This week we welcome one of the stars of Sisu (2022) Jack Doolan to discuss this incredible, fun, kick-ass film that just released wide in the USA, and man does it pack more than a few punches in its tight 91 minutes. Jack plays a Nazi soldier who operates as the tank gunner and second in command to a brutal SS officer (Aksel Hennie) attempting to rob a rugged gold miner (Jorma Tommila) in the Finnish wilderness in 1944. That was a really bad decision by them. While this movie doesn't shy away from the brutality of WWII, it's fun, funny, badass, and gives you something to root for. Directed by Jamari Helander, this movie crushed at TIFF and got distributed by Lionsgate and it just rules. It's in over 1,000 screens so get your friends to see it as soon as possible! Find all of our Socials at: https://linktr.ee/theloveofcinema Intro: 0:00; Movie Review & Interview: 11:06; Spoilers: 26:28; What You Been Watching: 1:22:12 Cast/Crew: Jamari Helander, Teams Wäinölä, Juri Seppä, Kjell Lagerroos, Juho Virolainen, Jorma Tommie, Aksel Hennie, Jack Doolan, Mimosa Willamo, Tatu Sinisalo, Onni Tommila, Aamu Milonoff, Severi Sarinen, Mila Leppälä, Jasmi Mäenpää, Nora Nevis, Jenna Tyni, Vincent Willestrand, Arttu Kapulainen, Ilkka Koivula. Additional Tags: Rare Exports, Big Game, The Fakir, Karkurit, The Martian, Wingman, Headhunters, Max Manus, The Cloverfield Paradox, Finland, Norway, Helsinki, The Boys, Herogasm, TNT, Reindeer, The Fly, Cockroaches, Toronto, Celsius, Fahrenheit, AMC, Dolby Digital, Paw Patrol, Super Mario Bros The Movie, orgy, salmon, scars, vistas, lens flares, Succession season 4, Maththew Macfadyen, Kieran Culkin, Electricians, Finnish, Bon Ives, Holocene, penis, attic, Hereditary, Midsommar, Magnolia, Damien Chazelle, Paul Thomas Anderson, Lost Angeles, New York City, AFI, Theater, The Truman Show, Mom Issues, Corporate meetings, locker rooms.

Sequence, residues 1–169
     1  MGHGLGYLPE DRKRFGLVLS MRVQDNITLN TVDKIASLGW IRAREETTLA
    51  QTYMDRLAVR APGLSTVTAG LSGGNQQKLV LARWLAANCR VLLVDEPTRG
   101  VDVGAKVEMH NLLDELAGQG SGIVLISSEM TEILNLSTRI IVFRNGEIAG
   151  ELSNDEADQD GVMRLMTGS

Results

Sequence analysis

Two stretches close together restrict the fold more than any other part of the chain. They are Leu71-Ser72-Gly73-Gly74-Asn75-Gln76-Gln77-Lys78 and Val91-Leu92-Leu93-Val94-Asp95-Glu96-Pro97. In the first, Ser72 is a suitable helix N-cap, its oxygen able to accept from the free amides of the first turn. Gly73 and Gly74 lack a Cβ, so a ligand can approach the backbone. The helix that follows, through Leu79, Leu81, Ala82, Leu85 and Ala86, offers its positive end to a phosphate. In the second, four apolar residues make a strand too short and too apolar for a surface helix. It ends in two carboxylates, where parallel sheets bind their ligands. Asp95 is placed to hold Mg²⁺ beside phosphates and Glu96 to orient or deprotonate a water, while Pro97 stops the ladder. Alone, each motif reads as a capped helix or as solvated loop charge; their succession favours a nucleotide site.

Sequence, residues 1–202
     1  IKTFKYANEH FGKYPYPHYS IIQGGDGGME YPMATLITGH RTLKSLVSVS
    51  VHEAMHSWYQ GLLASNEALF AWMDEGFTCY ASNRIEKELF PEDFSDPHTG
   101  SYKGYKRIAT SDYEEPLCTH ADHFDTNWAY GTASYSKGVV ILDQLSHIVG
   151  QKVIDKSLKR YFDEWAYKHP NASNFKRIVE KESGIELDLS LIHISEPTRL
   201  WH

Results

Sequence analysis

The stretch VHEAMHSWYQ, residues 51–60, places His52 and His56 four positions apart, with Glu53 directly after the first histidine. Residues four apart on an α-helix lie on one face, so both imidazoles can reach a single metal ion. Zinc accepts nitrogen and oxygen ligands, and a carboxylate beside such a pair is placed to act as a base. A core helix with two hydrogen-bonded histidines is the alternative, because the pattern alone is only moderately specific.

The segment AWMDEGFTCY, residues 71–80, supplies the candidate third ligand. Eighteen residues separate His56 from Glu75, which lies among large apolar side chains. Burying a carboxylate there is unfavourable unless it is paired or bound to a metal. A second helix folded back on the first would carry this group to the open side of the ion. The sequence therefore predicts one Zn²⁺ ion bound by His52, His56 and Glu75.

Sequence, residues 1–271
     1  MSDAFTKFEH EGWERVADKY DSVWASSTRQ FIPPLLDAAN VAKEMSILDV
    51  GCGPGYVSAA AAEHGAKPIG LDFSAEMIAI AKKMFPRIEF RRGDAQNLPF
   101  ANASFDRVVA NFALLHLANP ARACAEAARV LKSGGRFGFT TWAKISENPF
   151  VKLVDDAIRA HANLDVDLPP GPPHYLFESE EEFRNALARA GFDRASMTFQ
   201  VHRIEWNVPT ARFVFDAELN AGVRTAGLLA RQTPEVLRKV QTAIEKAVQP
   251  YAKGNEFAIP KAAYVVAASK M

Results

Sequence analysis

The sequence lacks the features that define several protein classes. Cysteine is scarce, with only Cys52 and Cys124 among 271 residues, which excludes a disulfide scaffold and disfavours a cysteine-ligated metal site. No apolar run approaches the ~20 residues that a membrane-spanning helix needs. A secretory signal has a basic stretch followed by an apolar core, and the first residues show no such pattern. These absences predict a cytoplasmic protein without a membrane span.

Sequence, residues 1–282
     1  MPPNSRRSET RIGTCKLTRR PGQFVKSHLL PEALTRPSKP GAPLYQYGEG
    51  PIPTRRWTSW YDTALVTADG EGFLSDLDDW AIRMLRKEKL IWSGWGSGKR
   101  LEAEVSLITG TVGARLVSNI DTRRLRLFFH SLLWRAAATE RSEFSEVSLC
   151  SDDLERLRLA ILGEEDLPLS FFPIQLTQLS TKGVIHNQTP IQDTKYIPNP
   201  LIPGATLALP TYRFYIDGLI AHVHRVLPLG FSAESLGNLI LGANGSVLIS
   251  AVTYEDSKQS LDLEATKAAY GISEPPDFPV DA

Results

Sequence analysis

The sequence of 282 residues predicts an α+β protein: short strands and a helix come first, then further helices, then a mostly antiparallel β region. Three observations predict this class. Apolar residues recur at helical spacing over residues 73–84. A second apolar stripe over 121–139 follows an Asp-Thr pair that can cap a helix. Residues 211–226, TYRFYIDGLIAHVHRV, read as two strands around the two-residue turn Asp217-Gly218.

Podcast – ProgRock.com PodCasts
Artist Song Time Album Year 12. Mindfields 1999 Toto Mad About You 4:20 Mindfelds 1999 Farenheit 1986 Toto Till The End 5:15 Fahrenheit 1986 The Seventh One 1988 Toto Home Of The Brave 6:42 The Seventh One 1988 Tambu 1995 Toto Dave's Gone Skiing 4:57 Tambu 1995 Toto XIV 2015 Toto Great Expectations 6:42 Toto […]
It's the 13th element on the periodic table, it glows in the dark, and it spontaneously combusts if it gets any hotter than 80 degrees Fahrenheit; little surprise, then, that phosphorus is known as “the devil's element.” But this satanic substance is also essential to all life on earth, which is why it's a key ingredient in fertilizer—without which, researchers estimate, we could only grow enough food for half as many humans as are alive today. The incredible crop-growing powers of phosphorus have led humans to do some pretty extreme things to get it—from seizing Pacific islands to scavenging bones from Europe's most famous battlefields—but they've also created a devilish paradox. The world is running out of phosphorus, and yet there's way too much of it running off farm fields into rivers, lakes, and oceans, where it fuels toxic algae blooms. This episode, we've got the story behind the phosphorus paradox, as we ask: is there any way to fertilize the planet without sending it to hell? Learn more about your ad choices. Visit podcastchoices.com/adchoices
As we move toward summer here in the northern hemisphere, we can look forward to longer, warmer days. Most of the other planets go through cycles of seasons as well. But not Venus. There's nothing to cause the seasons to change. So the climate stays the same all year across the entire planet. Venus is the brilliant “evening star.” It's below the crescent Moon this evening. The star El Nath is closer above the Moon, with Aldebaran, the bright orange eye of the bull, well to the lower left of Venus. The seasons on Earth are caused by our planet's tilt on its axis. For part of the year, the north pole tips toward the Sun, bringing longer, warmer days to the northern hemisphere. And for the rest of the year, the south pole tips sunward, bringing light and heat to the southern hemisphere. Venus is flipped upside down compared to Earth and most other planets. But its tilt relative to the Sun is tiny — not nearly enough to create seasons. The seasons on some planets are also influenced by their distance from the Sun. Mars's distance varies quite a bit, for example, making the seasons in the southern hemisphere more extreme than those in the north. Here again, though, Venus is well behaved. Its distance from the Sun varies by less than any other planet — not enough to create any seasonal changes. So daylight stays the same across the entire planet all year 'round, and so do temperatures — about 860 degrees Fahrenheit. Script by Damond Benningfield Support McDonald Observatory